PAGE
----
Three weeks ago The ALS Association (The ALSA), known for global research, advocacy and care services for those fighting Lou Gehrig's Disease, launched the "Ice Bucket Challenge." With its unexpected success resulting in more than $79.7 million raised (and still growing) in this three-week period (far surpassing the total $24 million they generated all of last year), a new challenge has spawned from The ALSA Ice Bucket Challenge -- how to spend the funds?
The ALS Association has been given a gift; the $79.7 million they have raised through this social media extravaganza is "unrestricted funds," which means they can use those funds however they wish. It's not earmarked for any particular project or program. As someone not close to The ALSA and their plans, but very interested and concerned with media, watchdog and donor expectations, one of the options they should consider is to set a good portion of the windfall aside for ongoing infrastructure and capacity building to sustain this level of fundraising on a year to year basis. This might actually increase their ability to conduct more breakthrough research or better more effective patient therapies.
Unfortunately that may not be a viable option given the expectation that they spend it all ASAP or otherwise be excoriated by the media, donors and some charity rating groups in a rush to uninformed judgement of what is the best use of the funds.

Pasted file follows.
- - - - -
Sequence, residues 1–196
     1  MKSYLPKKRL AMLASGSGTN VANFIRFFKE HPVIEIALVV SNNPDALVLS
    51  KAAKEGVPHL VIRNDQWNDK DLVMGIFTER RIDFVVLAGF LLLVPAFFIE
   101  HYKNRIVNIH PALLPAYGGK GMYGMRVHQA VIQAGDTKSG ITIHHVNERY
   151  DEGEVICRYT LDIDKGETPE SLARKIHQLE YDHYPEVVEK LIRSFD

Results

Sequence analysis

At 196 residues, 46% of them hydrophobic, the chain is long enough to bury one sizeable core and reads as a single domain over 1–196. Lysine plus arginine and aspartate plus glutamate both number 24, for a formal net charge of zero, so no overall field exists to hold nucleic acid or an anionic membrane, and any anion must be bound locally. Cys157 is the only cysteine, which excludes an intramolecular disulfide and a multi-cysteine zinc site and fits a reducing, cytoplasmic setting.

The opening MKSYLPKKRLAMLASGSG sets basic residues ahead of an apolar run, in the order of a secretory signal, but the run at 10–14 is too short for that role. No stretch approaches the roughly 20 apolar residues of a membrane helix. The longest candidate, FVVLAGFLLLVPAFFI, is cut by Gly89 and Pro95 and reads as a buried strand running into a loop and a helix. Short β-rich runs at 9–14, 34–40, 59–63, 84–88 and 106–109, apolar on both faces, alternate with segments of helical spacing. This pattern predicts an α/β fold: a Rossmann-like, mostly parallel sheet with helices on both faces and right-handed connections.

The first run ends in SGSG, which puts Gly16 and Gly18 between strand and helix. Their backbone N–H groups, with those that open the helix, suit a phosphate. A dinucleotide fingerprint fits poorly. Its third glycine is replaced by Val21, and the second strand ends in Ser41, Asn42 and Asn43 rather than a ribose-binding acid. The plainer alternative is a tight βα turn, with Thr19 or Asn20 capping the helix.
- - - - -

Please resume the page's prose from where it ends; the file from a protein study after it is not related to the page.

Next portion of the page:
The ALS Association currently holds Charity Navigator's highest rating; 4-stars. They have similar standing with others. But some charity evaluators' metrics don't take into consideration when an organization has windfall as is the case with ALS. And while The ALSA has made it clear these are unrestricted dollars, there will undoubtedly be voices of concern if the funds are not immediately ploughed into direct programs and services. Add to that the irony that if The ALSA did not spend the funds in the fiscal year they were raised, they likely would see a drop in their ratings.
My hope is that this incredible "Ice Bucket" phenomena will draw attention to the needs of those afflicted with and impacted by ALS. But I also hope and urge the media, charity rating organizations and donors to consider that The ALSA's best use of the funds might be to increase their capacity and infrastructure so they can sustain their annual fundraising not just have a one-time windfall.
It will be interesting to see how this plays out.